Martin Fowler, who coined the term Fluent Interfaces 15 years ago, famously wrote in his book Refactoring: Improving the Design of Existing Code:
“Any fool can write code that a computer can understand. Good programmers write code that humans can understand.”
Software development is about communication.
The eventual recipient might be a compiler or interpreter, running our code as a series of ones and zeros. Computers don’t care about the readability of source code, but the other participants in the communication do: humans.
It’s about one developer communicating with another one. Or with ourselves in the future, when our code appears to us like it was written by someone else.
I’ve written about the importance of the visual representation of code before, this article will highlight the concept of fluent interfaces and how we can incorporate it into our codebases for instance creation. But it will also show the downsides of using this particular API style.
All code examples will be in Java, or reference Java frameworks. But the general principles of fluent interfaces apply to any other language, too.
As with many other design patterns, the core concept can be summarized in a short sentence:
A fluent interface is designed to mimic a Domain-Specific-Language (DSL) by relying heavily on method-chaining.
In object-oriented programming, method-chaining is a way of invoking multiple method-calls successively. This allows us to write our code in a fluent, more straightforward way, and reduce visual noise.
To achieve the ability to actually use method-chaining, methods can’t return
void or another arbitrary value.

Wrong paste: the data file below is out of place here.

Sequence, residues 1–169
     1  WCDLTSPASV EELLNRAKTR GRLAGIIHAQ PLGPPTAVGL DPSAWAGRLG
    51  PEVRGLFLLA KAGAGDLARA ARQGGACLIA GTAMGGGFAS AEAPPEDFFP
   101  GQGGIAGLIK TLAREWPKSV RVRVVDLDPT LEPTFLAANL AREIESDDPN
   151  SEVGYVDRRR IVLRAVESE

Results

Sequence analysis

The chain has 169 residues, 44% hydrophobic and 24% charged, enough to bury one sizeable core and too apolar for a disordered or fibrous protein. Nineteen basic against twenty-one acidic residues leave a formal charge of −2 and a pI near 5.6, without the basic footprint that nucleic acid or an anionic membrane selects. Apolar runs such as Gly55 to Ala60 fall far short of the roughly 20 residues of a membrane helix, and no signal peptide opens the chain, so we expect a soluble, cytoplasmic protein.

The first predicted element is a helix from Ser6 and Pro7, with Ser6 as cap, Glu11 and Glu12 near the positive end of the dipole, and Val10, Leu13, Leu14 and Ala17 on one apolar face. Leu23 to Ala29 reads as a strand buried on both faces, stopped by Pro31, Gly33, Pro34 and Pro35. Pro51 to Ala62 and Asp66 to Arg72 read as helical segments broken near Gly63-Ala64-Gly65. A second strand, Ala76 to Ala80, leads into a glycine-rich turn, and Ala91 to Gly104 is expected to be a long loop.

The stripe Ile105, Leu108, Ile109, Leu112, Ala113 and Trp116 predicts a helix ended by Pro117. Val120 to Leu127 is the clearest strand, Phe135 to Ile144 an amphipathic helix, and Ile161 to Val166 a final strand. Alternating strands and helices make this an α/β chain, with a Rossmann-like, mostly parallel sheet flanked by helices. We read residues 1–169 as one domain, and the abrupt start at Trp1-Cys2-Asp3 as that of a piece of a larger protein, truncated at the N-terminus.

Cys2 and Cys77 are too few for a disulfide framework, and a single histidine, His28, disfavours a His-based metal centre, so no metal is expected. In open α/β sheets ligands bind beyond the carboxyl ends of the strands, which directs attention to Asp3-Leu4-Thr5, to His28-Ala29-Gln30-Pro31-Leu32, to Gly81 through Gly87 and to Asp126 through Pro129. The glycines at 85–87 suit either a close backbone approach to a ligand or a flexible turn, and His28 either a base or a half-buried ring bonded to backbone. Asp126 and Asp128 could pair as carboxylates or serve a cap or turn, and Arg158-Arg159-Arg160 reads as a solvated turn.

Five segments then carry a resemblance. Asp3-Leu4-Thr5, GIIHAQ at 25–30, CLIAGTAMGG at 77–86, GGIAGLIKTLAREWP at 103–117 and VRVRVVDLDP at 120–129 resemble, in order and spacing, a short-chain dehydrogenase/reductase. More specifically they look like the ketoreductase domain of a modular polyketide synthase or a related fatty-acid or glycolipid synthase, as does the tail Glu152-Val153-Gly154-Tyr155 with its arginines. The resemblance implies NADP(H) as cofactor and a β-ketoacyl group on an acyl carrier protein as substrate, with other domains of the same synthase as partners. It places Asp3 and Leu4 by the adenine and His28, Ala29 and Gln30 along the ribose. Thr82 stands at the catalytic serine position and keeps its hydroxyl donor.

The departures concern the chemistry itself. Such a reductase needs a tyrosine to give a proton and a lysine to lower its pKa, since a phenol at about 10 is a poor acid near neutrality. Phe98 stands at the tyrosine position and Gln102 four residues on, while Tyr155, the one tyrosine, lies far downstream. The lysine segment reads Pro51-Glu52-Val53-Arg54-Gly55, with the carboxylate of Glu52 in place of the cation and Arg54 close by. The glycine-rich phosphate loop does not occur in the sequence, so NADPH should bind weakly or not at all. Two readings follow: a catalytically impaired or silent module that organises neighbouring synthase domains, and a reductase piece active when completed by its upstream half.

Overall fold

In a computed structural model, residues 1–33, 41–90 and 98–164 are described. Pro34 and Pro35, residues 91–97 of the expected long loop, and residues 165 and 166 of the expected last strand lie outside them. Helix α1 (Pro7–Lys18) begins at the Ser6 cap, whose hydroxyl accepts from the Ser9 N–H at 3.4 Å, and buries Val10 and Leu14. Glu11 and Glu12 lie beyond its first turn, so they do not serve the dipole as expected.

They must return the most logical value for the given context.
There are three ways in which we can have more fluent code.
The mutable way
Each setter or related method of an instance mutates the instance itself and returns
This way of fluency isn’t appropriate for instance creation, at least in my opinion. We gain method-chaining, but that’s all. It should be reserved for non-POJO types, e.g., fluent interfaces for workflows.
The immutable way
Instead of returning the instance itself, a new instance representing the mutated state is returned.
A prime example of this behavior is the
java.time API, or
With intermediary builder
The type itself doesn’t have to be fluent. We could use an additional fluent auxiliary type for instance creation, e.g., a fluent builder.
In Java, we can use builders to get around the lack of named parameters.
How to Create a Fluent Builder
We start with a type describing a developer:
A simple POJO, just storing some data, without any extra functionality.
Creating a simple builder
To improve instance creation, we need an additional builder type:
By using the builder pattern, we still have our simple POJO type. But now instance creation can also have validation during preparing the builder and at creating the actual instance.
Using the builder
The fluent builder separates the code for construction and representation.
We gained a more understandable way of creating instances, with additional control, like validation, during the construction process. Especially complex types can be improved with builders.